Mid-Session Review Updates Budget Projections

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The administration has updated its economic and budget projections, indicating that this fiscal year’s deficit will be $1.2 trillion, down $116 billion from the administration’s estimate last February. But this drop is based partly on the assumption that some proposed spending for the current year will not be approved by Congress until next year — increasing the projected Fiscal 2013 deficit by a small amount.

The Office of Management and Budget (OMB) released the new projections Friday in its Mid-Session Review. This review updates the numbers behind President Obama’s budget and is based, as is traditional, on the unlikely assumption that Congress will approve the President’s proposals.

The administration still projects that its policies would reduce annual federal deficits to below 3 percent of the Gross Domestic Product by 2017 and would keep them there for the rest of the decade.

The report estimates that cumulative deficits from 2013 to 2022 will be $240 billion less than the administration forecast in February. “This reduction,” OMB said, “results primarily from lower projected spending for Medicare, Medicaid, Social Security, and net interest, partially offset by lower projected receipts.”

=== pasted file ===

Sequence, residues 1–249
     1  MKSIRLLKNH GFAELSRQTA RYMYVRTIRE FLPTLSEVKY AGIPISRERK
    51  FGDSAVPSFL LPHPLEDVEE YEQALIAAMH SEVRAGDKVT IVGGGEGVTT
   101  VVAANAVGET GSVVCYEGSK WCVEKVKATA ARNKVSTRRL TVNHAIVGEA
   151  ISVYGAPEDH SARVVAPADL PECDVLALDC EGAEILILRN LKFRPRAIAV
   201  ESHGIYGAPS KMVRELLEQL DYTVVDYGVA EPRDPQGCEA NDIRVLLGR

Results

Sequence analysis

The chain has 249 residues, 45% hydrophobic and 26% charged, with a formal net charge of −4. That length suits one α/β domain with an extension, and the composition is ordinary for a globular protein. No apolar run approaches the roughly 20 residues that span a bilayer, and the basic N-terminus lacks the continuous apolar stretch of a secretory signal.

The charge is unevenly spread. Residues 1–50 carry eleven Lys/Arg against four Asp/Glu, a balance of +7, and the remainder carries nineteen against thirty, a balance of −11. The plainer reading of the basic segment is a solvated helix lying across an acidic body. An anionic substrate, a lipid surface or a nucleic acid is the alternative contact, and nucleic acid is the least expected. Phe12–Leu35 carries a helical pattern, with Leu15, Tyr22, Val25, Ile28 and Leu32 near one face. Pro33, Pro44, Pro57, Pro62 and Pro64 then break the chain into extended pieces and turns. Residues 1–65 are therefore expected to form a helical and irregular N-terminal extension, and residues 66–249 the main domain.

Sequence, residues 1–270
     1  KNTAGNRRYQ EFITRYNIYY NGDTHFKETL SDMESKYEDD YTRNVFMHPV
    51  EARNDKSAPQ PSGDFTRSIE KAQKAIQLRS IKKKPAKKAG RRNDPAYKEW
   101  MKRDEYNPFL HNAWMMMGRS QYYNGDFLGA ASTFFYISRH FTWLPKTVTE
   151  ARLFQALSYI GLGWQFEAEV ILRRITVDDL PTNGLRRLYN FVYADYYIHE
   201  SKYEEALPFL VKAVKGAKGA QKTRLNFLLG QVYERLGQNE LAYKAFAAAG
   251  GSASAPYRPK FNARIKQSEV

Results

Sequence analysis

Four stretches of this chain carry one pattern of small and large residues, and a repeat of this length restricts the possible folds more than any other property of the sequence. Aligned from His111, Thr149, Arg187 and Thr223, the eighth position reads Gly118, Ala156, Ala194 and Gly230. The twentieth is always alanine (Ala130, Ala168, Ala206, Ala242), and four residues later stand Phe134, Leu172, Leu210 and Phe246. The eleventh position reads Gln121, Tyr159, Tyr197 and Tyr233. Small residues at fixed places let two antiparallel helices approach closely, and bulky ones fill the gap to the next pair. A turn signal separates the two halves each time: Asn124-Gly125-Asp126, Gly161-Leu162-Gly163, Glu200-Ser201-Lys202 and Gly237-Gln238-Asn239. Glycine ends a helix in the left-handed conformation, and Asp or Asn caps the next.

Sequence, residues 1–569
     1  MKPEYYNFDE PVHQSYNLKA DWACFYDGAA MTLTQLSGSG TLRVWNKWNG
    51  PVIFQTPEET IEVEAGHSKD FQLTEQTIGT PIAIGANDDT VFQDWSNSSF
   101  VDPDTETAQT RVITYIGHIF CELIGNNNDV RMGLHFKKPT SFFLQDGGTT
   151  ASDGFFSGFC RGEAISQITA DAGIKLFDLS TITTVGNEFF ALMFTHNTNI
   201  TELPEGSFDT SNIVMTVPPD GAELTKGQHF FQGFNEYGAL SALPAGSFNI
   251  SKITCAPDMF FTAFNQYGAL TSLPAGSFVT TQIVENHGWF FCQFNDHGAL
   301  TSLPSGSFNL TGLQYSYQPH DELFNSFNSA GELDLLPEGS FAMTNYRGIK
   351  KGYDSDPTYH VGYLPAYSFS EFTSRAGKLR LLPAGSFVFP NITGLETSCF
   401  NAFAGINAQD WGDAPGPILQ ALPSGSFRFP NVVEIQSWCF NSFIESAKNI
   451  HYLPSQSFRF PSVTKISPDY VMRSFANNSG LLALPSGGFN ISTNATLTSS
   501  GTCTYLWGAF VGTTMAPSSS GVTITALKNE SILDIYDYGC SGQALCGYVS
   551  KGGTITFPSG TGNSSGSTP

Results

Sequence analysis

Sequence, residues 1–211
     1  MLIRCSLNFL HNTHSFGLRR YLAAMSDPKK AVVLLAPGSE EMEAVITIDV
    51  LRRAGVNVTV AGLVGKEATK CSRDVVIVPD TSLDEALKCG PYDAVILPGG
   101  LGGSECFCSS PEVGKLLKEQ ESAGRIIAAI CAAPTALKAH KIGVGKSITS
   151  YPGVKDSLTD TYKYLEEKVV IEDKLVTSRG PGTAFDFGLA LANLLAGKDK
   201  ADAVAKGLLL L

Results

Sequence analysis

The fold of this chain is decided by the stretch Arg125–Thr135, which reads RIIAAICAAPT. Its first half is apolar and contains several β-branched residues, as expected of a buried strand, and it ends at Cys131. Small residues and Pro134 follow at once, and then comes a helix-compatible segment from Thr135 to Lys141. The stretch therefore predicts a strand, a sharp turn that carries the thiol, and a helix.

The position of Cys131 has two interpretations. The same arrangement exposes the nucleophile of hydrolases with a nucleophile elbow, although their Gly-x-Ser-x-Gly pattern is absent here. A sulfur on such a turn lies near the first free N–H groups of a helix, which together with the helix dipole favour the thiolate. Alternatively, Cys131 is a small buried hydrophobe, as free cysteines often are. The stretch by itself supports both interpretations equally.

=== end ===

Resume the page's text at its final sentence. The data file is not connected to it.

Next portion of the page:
The administration said it made “only minor modifications” to the economic forecast that was included in the 2013 budget that the President proposed early this year. However, the administration’s projections optimistically estimate that real GDP will grow at a rate of 2.3 percent in 2012 and 2.7 percent in 2013.

By 2015 the administration shows growth exceeding 4 percent — also an outlook that is optimistic compared to private-sector forecasts and seemingly contrary to recent news. On Friday the Commerce Department said the economy grew in the second quarter of this year at an annual rate of only 1.5 percent, down from 2 percent in the first quarter.


External links:
OMB Mid-Session Review
OMB Director’s Blog
Statement From House Budget Committee Chairman Paul Ryan

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